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MHV-A59 Gene 1 Proteins are Associated with Two Distinct Membrane Populations

  • Mark R. Denison
  • Amy C. Sims
Chapter
Part of the Advances in Experimental Medicine and Biology book series (AEMB, volume 494)

Abstract

All of the stages of Coronavirus replication that have been investigated have been shown to occur on or within intracellular membranes. We and others have shown that mouse hepatitis virus (MHV) RNA synthesis occurs in association with intracellular membranes (Bi et al., 1998; Denison et al., 1999; Dennis and Brian, 1982; Sethna and Brian, 1997; Shi et al., 1999; van der Meer et al., 1999). Several proteins processed from the gene 1 (replicase gene) polyprotein have been shown by immunofluorescence and electron microscopic approaches to be associated with intracellular membranes. Specifically, membranes containing markers for late endosomes have been shown to be sites of localization of newly synthesized viral RNA as well as at least one of the mature gene 1 proteins (van der Meer et al., 1999). However, different patterns of gene 1 protein localization and interaction have been reported in the settings of distinct cell types, experimental approaches and virus strains. Most recently, it has been shown by confocal microscopic analysis of MHV-A59 infected cells that multiple replicase gene proteins as well as structural proteins may not completely colocalize but rather are organized in closely associated or “interdigitated” membranes, suggesting that proteins involved in MHV RNA synthesis may be localized to more than one membrane population (Bost et al., 2000).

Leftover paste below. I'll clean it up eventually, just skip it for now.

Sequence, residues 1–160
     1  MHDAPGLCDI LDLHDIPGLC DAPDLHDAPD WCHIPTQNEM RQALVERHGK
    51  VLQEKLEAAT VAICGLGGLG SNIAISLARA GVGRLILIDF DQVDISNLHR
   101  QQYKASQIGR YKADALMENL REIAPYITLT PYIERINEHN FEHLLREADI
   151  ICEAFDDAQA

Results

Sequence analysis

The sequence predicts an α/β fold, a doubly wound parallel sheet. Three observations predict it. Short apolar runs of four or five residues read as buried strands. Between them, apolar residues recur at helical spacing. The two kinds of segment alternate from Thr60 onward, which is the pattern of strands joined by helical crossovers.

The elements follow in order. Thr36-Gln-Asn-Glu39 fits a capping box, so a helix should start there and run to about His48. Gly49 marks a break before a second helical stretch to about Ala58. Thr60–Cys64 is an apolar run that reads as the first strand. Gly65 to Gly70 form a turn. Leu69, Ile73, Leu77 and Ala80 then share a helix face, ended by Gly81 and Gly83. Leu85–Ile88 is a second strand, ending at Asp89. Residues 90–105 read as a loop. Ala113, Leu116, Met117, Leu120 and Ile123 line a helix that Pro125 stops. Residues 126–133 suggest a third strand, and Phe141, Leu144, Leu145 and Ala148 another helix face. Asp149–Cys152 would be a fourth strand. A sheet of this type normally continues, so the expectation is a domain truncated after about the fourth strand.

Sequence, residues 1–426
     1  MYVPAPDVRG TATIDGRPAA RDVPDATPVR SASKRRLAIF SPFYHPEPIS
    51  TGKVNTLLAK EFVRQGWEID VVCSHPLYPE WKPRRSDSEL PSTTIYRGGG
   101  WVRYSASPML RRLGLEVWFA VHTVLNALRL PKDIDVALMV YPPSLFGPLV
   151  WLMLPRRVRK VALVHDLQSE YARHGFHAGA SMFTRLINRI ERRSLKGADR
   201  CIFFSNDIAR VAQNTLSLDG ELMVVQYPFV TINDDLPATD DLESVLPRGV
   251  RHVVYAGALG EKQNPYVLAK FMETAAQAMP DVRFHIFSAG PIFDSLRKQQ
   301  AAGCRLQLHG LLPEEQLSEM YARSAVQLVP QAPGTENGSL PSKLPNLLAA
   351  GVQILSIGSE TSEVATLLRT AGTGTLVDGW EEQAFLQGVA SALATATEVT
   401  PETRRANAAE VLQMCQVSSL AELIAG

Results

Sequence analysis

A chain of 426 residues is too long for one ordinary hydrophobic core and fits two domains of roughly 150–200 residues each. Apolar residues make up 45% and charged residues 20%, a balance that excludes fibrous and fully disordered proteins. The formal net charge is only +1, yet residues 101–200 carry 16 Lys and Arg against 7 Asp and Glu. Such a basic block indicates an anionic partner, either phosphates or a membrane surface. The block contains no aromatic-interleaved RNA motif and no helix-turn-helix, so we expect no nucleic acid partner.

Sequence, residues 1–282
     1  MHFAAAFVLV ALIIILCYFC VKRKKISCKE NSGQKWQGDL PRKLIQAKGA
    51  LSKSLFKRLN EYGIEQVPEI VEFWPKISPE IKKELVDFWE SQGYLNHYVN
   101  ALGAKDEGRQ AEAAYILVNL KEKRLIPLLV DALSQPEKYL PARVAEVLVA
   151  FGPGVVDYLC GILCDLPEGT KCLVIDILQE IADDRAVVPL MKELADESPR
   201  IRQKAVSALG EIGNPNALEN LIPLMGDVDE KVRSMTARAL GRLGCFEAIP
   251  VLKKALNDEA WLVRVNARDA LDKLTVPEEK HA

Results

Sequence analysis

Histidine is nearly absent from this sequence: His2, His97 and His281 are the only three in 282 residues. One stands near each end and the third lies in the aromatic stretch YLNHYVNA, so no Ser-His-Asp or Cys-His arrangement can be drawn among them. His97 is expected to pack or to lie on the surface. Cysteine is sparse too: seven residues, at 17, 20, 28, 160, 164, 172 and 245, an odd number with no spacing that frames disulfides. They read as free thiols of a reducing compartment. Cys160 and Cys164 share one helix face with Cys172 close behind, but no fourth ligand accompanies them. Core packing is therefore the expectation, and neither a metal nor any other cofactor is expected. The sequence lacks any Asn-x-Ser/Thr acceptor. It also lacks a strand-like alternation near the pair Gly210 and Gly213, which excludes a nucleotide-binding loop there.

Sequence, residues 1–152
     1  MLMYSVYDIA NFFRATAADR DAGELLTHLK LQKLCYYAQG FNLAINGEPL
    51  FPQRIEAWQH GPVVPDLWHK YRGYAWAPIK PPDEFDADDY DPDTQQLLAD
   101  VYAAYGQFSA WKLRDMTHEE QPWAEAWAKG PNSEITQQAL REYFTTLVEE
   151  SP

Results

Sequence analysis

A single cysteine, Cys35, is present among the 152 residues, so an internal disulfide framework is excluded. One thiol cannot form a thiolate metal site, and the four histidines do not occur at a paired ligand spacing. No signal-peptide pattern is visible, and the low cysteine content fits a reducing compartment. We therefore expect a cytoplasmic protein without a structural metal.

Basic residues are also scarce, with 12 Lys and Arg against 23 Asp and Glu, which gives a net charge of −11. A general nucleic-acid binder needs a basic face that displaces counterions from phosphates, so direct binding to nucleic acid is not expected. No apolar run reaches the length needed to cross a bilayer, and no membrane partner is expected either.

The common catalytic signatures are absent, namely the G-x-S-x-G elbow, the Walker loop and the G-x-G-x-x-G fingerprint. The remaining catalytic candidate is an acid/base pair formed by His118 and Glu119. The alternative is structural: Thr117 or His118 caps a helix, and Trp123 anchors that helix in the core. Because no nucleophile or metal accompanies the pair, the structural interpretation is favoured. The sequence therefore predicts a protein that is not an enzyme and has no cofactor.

Keywords

Late Endosome Intracellular Membrane Gradient Fraction Mouse Hepatitis Virus Replicase Gene 
These keywords were added by machine and not by the authors. This process is experimental and the keywords may be updated as the learning algorithm improves.

References

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Copyright information

© Springer Science+Business Media New York 2001

Authors and Affiliations

  • Mark R. Denison
    • 1
  • Amy C. Sims
    • 1
  1. 1.Departments of Pediatrics and Microbiology and The Elizabeth B. Lamb Center for Pédiatric ResearchVanderbilt University Medical CenterNashvilleUSA

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